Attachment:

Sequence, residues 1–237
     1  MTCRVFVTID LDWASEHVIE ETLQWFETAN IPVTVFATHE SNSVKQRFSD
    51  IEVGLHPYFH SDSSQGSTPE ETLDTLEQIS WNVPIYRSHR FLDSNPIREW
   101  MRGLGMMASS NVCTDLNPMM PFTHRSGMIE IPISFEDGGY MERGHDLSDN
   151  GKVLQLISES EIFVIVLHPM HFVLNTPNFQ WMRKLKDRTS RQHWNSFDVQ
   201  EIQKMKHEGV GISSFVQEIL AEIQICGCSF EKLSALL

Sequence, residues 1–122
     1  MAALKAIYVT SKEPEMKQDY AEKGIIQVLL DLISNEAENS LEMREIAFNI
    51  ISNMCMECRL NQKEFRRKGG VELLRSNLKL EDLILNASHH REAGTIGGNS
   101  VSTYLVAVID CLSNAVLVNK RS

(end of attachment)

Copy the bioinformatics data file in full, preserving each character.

Sequence, residues 1–237
     1  MTCRVFVTID LDWASEHVIE ETLQWFETAN IPVTVFATHE SNSVKQRFSD
    51  IEVGLHPYFH SDSSQGSTPE ETLDTLEQIS WNVPIYRSHR FLDSNPIREW
   101  MRGLGMMASS NVCTDLNPMM PFTHRSGMIE IPISFEDGGY MERGHDLSDN
   151  GKVLQLISES EIFVIVLHPM HFVLNTPNFQ WMRKLKDRTS RQHWNSFDVQ
   201  EIQKMKHEGV GISSFVQEIL AEIQICGCSF EKLSALL

Sequence, residues 1–122
     1  MAALKAIYVT SKEPEMKQDY AEKGIIQVLL DLISNEAENS LEMREIAFNI
    51  ISNMCMECRL NQKEFRRKGG VELLRSNLKL EDLILNASHH REAGTIGGNS
   101  VSTYLVAVID CLSNAVLVNK RS